However, this is no empty exercise in nostalgia, no empty-headed pastiche. Within the tropes of that period lie more contemporary touches, such as the grinding stoner riffing of the opening title track and the thunderous bass line of ‘The Window Cleaner’, which recall Black Sabbath or that band’s doomier acolytes. Whilst the gothic flourishes that marked The Circle and the Blue Door‘s heart of darkness are virtually absent here, this tougher rock feel sets Purson’s new material up as far more than homage; it gives them a sturdy, darker edge, for all the swirling psychedelia. Purson’s recent live pairing with Ghost makes a great deal of sense: both bands draw inspiration from the music and media of the late 60s/early 70s, but filter it through more contemporary approaches to writing and production to great effect. Both have characterful live shows, and both bands require a certain amount of willing suspension of disbelief to enter their respective musical worlds. In a world where workmanlike authenticity is still all too often applauded at the expense of more imaginative fare, Purson, like Ghost, are underdogs with the music to expand minds.

There are no shortage of highlights: the chunky riffing of the title track and its delirious instrumental coda; the billowing ballad ‘The Sky Parade’, with its fuzzy bass and skyscraping chorus, spiralling inexorably into a kaleidoscopic haze of feedback; the sensational extended wah-wah guitar and organ interplay of the playfully dark ‘Mr. Howard’; the wry lyric and chiming 70s should-have-known-better acoustic balladry of ‘I Know’; the chugging carefree bluesy coda to album closer ‘The Bitter Suite’ – to mention but a few. The playing throughout is wonderful, and Cunningham’s vocals have never been better.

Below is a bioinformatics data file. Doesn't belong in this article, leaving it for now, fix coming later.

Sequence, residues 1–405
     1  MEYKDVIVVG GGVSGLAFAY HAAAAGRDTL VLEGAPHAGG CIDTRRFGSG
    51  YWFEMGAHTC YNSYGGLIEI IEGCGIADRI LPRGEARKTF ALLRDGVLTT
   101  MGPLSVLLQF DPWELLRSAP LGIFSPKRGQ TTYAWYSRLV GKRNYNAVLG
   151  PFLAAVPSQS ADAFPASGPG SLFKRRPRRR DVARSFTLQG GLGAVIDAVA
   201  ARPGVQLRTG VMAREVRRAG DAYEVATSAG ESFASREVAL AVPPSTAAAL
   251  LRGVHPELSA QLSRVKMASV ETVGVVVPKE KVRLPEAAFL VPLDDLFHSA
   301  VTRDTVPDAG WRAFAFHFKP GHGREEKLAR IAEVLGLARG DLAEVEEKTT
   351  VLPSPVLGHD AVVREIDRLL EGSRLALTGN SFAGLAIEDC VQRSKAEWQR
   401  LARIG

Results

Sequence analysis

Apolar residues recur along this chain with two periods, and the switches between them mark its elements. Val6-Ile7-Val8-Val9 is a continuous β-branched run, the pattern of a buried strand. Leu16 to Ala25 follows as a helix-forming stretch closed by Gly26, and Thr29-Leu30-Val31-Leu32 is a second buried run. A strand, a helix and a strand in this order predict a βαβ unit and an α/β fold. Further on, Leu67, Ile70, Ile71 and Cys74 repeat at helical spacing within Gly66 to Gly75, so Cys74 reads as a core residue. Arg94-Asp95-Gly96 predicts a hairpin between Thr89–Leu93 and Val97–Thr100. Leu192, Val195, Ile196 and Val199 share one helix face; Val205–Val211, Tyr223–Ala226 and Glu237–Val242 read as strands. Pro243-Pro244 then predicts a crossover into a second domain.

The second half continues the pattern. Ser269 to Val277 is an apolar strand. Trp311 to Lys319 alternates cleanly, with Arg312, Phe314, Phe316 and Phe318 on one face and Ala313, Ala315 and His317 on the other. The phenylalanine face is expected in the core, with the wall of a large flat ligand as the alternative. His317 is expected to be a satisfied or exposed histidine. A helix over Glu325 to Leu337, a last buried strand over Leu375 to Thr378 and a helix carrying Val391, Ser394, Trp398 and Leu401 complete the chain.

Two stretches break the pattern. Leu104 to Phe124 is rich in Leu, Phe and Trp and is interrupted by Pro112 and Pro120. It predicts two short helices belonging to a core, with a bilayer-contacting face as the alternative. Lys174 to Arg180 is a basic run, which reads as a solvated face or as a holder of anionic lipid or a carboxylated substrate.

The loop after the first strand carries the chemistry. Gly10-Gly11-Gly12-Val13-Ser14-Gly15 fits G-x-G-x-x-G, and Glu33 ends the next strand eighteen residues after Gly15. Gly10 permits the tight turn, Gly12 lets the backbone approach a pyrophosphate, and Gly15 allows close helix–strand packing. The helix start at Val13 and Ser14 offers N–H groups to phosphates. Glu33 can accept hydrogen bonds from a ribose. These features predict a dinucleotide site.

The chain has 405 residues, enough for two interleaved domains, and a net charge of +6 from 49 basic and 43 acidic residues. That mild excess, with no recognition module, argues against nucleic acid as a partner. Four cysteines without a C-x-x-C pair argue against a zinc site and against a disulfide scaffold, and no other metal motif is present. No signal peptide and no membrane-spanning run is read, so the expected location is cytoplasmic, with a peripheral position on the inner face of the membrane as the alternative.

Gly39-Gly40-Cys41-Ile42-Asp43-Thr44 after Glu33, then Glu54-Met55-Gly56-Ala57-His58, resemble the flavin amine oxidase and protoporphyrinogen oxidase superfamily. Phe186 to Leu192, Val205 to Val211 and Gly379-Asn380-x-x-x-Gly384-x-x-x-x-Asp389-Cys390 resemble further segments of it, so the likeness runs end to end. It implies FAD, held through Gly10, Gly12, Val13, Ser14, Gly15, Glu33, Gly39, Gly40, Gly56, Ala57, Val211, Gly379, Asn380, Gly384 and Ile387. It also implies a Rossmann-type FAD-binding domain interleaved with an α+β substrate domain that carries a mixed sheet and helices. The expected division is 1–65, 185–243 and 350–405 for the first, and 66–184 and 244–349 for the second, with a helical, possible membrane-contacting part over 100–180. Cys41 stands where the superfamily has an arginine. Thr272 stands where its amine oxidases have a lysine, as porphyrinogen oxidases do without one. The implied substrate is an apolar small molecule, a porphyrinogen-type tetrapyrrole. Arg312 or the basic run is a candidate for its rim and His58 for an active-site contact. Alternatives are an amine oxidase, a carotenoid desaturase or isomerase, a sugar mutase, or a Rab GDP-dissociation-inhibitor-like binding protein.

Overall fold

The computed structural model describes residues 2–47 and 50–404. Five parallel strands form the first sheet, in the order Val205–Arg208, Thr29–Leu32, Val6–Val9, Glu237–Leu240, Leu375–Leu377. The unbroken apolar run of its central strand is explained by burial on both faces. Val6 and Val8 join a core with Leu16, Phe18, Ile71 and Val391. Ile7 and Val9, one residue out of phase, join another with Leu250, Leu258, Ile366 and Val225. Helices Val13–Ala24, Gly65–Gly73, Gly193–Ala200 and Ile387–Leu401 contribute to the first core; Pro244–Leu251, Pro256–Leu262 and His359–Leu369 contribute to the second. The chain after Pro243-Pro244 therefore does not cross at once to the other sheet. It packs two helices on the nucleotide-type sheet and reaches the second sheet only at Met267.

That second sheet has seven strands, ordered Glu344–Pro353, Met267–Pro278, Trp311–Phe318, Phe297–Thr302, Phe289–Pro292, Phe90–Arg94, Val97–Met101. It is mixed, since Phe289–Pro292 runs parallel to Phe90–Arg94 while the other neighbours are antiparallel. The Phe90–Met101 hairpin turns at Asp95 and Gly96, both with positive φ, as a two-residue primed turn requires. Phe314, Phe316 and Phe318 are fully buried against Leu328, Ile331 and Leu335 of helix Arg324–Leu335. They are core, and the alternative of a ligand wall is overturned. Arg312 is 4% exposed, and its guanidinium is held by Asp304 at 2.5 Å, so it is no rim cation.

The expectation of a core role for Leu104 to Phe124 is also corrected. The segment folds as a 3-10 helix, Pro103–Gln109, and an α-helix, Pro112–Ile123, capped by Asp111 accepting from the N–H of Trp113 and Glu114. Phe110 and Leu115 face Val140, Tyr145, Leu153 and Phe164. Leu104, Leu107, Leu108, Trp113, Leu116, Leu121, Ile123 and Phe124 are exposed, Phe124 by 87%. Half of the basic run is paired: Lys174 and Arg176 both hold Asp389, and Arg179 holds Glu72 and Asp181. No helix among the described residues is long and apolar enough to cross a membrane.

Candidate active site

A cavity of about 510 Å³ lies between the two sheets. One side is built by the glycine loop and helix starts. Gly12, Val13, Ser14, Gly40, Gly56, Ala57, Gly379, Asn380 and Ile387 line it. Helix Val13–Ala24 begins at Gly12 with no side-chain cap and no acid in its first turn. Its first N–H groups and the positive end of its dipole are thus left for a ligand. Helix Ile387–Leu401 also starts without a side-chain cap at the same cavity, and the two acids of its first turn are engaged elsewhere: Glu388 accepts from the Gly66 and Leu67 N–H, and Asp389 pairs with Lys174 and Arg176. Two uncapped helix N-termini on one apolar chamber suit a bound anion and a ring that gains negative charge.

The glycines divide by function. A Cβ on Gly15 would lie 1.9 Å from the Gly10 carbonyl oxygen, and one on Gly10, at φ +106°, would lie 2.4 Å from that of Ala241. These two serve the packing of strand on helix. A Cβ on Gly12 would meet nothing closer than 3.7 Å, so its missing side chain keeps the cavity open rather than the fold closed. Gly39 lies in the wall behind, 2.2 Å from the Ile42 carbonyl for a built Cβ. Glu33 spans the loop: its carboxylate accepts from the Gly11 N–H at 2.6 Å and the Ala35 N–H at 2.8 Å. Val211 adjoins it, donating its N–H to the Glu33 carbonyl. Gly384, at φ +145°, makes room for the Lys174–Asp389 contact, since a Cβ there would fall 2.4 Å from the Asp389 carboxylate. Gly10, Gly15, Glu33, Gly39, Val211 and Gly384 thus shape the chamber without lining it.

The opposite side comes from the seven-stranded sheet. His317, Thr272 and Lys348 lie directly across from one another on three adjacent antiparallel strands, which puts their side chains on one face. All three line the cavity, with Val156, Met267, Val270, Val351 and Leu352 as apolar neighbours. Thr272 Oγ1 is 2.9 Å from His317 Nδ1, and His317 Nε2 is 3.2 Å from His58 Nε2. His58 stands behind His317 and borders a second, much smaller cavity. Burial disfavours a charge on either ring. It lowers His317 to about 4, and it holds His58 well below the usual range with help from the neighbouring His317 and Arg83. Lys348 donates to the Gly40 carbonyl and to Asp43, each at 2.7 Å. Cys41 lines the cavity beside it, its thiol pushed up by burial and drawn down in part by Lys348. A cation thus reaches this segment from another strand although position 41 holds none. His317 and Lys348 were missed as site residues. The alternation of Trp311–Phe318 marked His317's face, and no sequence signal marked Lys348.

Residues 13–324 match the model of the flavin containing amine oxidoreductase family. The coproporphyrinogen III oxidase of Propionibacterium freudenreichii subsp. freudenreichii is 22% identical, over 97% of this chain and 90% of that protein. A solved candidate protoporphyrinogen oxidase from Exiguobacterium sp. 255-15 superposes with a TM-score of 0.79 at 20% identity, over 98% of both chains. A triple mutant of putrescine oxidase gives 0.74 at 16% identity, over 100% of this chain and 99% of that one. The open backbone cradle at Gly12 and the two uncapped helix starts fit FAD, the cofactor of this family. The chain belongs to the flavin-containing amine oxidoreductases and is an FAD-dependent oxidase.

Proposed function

Desire’s Magic Theatre clocks in at 44 minutes (unless you’ve got the deluxe edition, which by the way is well worth the extra outlay for the additional tracks), yet so much seems to happen in that time that it feels longer, without ever feeling drawn-out. The songs are tightly focused, but that live band feel is never sacrificed, resulting in a few positively exhilarating extended wig-outs and instrumental codas that add a great deal of character to proceedings. The words “concept album” are thrown around with careless abandon these days, but even without a single obvious thread, DMT is deserving of the mantle. Quite apart from the framing device (the sound of a rumbling train opens and closes the album), there’s a seemingly effortless cohesiveness to the album that lends it the feel of a much-loved, well-thumbed book from the moment you hit play or drop the needle. At once familiar and gleamingly new, fresh yet ageless, DMT is an enormous forward step for Purson. It’s a much more ambitious – and better produced, so that’s another string to Cunningham’s bow – record than their debut, and hints at even greater delights in store. Cunningham’s vision and dedication have paid off in spades. This is a glorious record, as playful, inventive and full of heart as the records that inspired its creation.